0115EditMR21_hmsr.cfm GMOs get a new unlikely ally
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GMOs get a new unlikely ally

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By Holly Martin

I remember interviewing a Texas cotton farmer over 10 years ago. We were riding along in his pickup past fields and fields of genetically modified cotton. I obviously can't remember his exact words but it went something like this: "When GMOs first came out I thought, 'Finally. Something that the environmentalists and farmers can agree on.' But that didn't happen. They don't like GMOs either. It's crazy. Just crazy."

I couldn't have agreed more. It was at that point I realized that regardless of facts, some folks just don't care. They are going to oppose technology just because they can. Few issues relating to agriculture have been as contentious as genetically modified organisms. GMOs first came on the crops scene in the mid-1990s.

One of those environmentalists who raised the loudest concerns was Mark Lynas. He didn't just oppose GM crops, he literally went to the fields and ripped the plants out of the ground. A British environmentalist, he has written several books and spoken vocally about the impact of man on the environment.

He shocked environmentalists and farmers alike recently when he said, "For the record, here and up front, I apologise for having spent several years ripping up GM crops. I am also sorry that I helped to start the anti-GM movement back in the mid-1990s, and that I thereby assisted in demonising an important technological option which can be used to benefit the environment."

Well, whatta 'ya know. Lynas was speaking in at the Oxford Farming Conference. He went on to say he tried very hard to stick to his anti-GMO philosophy but then something happened. "I discovered science, and in the process I hope I became a better environmentalist."

Lynas made some up-front assumptions that turned out to be false. "I'd assumed that it would increase the use of chemicals. It turned out that pest-resistant cotton and maize needed less insecticide.

"I'd assumed that GM benefited only the big companies. It turned out that billions of dollars of benefits were accruing to farmers needing fewer inputs.

"I'd assumed that Terminator Technology was robbing farmers of the right to save seed. It turned out that hybrids did that long ago, and that Terminator never happened.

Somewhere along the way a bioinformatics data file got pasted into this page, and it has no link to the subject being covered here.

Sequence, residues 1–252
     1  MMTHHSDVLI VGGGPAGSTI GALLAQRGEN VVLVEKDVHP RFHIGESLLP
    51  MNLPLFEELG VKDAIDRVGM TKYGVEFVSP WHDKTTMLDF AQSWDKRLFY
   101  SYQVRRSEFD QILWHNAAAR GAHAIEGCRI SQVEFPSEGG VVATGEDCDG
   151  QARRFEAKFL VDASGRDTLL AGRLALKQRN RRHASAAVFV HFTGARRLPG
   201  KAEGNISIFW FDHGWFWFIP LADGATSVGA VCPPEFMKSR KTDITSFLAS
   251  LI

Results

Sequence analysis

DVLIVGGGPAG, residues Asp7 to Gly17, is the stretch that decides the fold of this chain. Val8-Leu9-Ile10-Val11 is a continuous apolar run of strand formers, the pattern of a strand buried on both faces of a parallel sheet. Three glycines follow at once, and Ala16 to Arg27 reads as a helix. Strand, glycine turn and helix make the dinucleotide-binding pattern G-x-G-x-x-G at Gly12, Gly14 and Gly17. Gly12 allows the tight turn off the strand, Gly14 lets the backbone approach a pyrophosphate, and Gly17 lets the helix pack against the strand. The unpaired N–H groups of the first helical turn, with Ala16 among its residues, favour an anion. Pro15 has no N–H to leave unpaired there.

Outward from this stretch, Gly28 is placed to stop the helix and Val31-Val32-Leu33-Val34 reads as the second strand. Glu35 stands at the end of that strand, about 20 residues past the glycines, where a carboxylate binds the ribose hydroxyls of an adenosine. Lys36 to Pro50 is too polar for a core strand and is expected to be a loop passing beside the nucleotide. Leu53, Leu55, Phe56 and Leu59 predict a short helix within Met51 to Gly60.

"I'd assumed that no one wanted GM. Actually what happened was that Bt cotton was pirated into India and Roundup Ready soya into Brazil because farmers were so eager to use them.

"I'd assumed that GM was dangerous. It turned out that it was safer and more precise than conventional breeding using mutagenesis, for example; GM just moves a couple of genes, whereas conventional breeding mucks about with the entire genome in a trial and error way."

The thing is that Lynas took the responsibility to learn about GMOs himself. He did the research and almost against his wishes discovered he was wrong. Really wrong. That's good news for agriculture, but the problem is most consumers don't have the luxury of discovering science for themselves. They rely on what they hear and read, and all too often, those "facts" aren't really "facts."

A recent example is an online attack on Cheerios. You know Cheerios, that wholesome, tasty treat stuck in the diaper bag of every mother of a toddler between Lubbock and Lincoln? The attack was propelled by the fact that General Mills, the maker of Cheerios, helped defeat Prop 37 in California that would have required all food that contained GM crops to be labeled. Never mind that scientific organization after organization has stated GM foods are safe. Those that oppose GMOs didn't care. They wanted to force food companies into an expensive labeling process, regardless of the facts.

So the conflict isn't over, but Lynas' opinion does give me hope. He says farmers should have the right to utilize technology to help feed a "growing population in a warming world."

And he has a pretty strong message to those who oppose GM foods. "My message to the anti-GM lobby, from the ranks of the British aristocrats and celebrity chefs to the U.S. foodies to the peasant groups of India is this. You are entitled to your views. But you must know by now that they are not supported by science. We are coming to a crunch point, and for the sake of both people and the planet, now is the time for you to get out of the way and let the rest of us get on with feeding the world sustainably."

Lynas sums it up pretty well. "The stakes are high. If we continue to get this wrong, the life prospects of billions of people will be harmed."

Holly Martin can be reached by phone at 1-800-452-7171 ext. 1806, or by email at hmartin@hpj.com.

Date: 1/21/2013



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